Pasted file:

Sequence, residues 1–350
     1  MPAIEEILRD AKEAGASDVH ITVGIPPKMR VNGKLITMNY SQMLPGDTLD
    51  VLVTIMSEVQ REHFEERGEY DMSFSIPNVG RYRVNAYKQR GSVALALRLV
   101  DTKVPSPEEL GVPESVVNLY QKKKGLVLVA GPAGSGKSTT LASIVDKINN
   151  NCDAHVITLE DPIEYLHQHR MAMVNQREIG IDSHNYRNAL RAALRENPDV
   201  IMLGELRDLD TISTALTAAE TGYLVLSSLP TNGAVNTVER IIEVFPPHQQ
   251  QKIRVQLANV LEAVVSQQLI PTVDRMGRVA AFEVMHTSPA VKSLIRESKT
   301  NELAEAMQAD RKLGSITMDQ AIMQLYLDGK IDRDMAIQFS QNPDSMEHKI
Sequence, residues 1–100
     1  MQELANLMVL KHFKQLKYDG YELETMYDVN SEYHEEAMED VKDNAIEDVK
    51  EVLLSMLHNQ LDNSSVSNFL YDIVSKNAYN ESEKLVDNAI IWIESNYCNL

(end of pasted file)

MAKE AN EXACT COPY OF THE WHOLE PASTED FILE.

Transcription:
Sequence, residues 1–350
     1  MPAIEEILRD AKEAGASDVH ITVGIPPKMR VNGKLITMNY SQMLPGDTLD
    51  VLVTIMSEVQ REHFEERGEY DMSFSIPNVG RYRVNAYKQR GSVALALRLV
   101  DTKVPSPEEL GVPESVVNLY QKKKGLVLVA GPAGSGKSTT LASIVDKINN
   151  NCDAHVITLE DPIEYLHQHR MAMVNQREIG IDSHNYRNAL RAALRENPDV
   201  IMLGELRDLD TISTALTAAE TGYLVLSSLP TNGAVNTVER IIEVFPPHQQ
   251  QKIRVQLANV LEAVVSQQLI PTVDRMGRVA AFEVMHTSPA VKSLIRESKT
   301  NELAEAMQAD RKLGSITMDQ AIMQLYLDGK IDRDMAIQFS QNPDSMEHKI
Sequence, residues 1–100
     1  MQELANLMVL KHFKQLKYDG YELETMYDVN SEYHEEAMED VKDNAIEDVK
    51  EVLLSMLHNQ LDNSSVSNFL YDIVSKNAYN ESEKLVDNAI IWIESNYCNL